On February 13, the sudden death of Supreme Court Justice Antonin Scalia left a vacant seat on the bench. Though much has been made of the Republicans threatening to refuse any and all of President Obama’s nominations, it wouldn’t be the first time in history that opposing members of the Senate have profoundly stalled. Tenth U.S. President John Tyler currently holds the record for the most failed nominations, with eight nominations rejected or withdrawn in a span of just 15 months.
The situation then was not unlike the one we face today. Justice Smith Thompson died on December 18, 1843, with the expiration date on Tyler’s presidency looming. The controlling party of the Senate, the Whigs, had high hopes that Whig and former Secretary of State Henry Clay would be elected president. Clay would name a Supreme Court justice more amenable to their causes, of course, so the Senate majority did everything they could to block Tyler’s nominations. But in addition to that familiar scenario, Tyler—dubbed “His Accidency” because he was the first president to take office due to the death of his predecessor—no longer had the support of his own party. All of that adds up to the most drawn-out and failed nomination process in the history of American politics.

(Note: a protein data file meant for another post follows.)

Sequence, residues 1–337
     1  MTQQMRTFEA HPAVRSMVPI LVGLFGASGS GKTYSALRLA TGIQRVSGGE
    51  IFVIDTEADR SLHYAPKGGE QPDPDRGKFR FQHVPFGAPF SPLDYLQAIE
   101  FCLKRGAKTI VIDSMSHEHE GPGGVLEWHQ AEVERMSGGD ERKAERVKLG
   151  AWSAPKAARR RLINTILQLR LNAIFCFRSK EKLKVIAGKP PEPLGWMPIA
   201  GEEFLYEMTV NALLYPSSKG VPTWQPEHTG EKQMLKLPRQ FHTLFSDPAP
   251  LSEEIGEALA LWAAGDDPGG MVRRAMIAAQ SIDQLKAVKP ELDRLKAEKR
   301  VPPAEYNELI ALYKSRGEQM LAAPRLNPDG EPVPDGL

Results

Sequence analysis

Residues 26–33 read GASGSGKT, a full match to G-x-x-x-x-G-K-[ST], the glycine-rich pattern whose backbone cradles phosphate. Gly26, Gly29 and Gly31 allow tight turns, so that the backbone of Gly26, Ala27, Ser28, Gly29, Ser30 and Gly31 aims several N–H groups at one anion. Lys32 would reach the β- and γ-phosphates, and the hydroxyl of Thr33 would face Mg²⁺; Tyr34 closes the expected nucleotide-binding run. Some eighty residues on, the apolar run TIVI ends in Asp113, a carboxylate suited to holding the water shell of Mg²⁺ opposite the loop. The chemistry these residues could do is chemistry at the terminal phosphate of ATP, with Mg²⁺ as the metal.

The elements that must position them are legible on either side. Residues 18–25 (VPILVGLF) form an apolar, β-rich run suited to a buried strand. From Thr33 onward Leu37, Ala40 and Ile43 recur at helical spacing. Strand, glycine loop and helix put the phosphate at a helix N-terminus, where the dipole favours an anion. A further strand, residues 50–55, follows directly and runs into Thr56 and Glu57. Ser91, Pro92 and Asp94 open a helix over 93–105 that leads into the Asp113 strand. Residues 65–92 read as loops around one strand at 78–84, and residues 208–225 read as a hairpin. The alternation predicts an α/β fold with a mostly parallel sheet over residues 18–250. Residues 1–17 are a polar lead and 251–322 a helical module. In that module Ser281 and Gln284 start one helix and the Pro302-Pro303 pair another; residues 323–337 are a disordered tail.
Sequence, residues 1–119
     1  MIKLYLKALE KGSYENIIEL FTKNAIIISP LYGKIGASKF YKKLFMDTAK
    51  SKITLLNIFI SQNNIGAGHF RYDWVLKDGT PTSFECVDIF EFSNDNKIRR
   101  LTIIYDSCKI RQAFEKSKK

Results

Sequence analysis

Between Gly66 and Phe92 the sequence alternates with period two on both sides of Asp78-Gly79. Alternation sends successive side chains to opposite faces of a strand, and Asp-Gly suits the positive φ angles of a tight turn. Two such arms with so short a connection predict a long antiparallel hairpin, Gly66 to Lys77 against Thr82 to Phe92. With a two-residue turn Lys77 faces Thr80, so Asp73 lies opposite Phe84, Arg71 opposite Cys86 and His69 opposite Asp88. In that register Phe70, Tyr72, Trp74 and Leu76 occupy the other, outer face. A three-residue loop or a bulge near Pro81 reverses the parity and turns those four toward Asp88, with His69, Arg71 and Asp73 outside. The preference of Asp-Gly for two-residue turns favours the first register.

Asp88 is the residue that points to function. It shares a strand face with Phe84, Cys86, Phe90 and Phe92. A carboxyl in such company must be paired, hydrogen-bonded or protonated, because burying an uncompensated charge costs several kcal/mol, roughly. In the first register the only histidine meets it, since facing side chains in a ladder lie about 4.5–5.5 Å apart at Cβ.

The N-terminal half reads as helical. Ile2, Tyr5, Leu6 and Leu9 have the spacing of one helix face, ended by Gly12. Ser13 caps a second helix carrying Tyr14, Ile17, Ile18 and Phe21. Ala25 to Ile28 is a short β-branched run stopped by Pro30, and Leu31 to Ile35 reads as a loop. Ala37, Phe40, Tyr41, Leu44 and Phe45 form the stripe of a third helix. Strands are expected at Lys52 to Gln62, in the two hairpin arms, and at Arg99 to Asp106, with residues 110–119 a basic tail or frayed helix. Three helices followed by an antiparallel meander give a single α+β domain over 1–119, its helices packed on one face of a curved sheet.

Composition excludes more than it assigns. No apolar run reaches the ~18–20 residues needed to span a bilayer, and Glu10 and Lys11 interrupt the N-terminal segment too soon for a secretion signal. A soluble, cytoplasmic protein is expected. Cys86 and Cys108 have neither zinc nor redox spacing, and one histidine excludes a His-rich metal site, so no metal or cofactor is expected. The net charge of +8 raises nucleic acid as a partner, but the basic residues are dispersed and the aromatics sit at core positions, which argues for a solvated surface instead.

First, Tyler put forth his Secretary of the Treasury, John C. Spencer. Blocked. He tried Chancellor of New York Reuben H. Walworth as well as lawyer and jurist Edward King; Withdrawn and blocked, respectively. John Read, who would go on to become the Chief Justice of the Pennsylvania Supreme Court, was nominated by Tyler but later withdrawn before the Senate could act.
Then, associate justice Henry Baldwin died in April 1844, leaving a second vacancy on the Supreme Court. Tyler tried Spencer, Walworth (twice), and King again, but all of them were withdrawn or rejected.
During Tyler’s final month in office, the Senate finally approved Democrat Samuel Nelson to fill Smith Thompson’s spot. It took them another 27 months to fill Baldwin’s position, the longest vacancy in history. (So far.)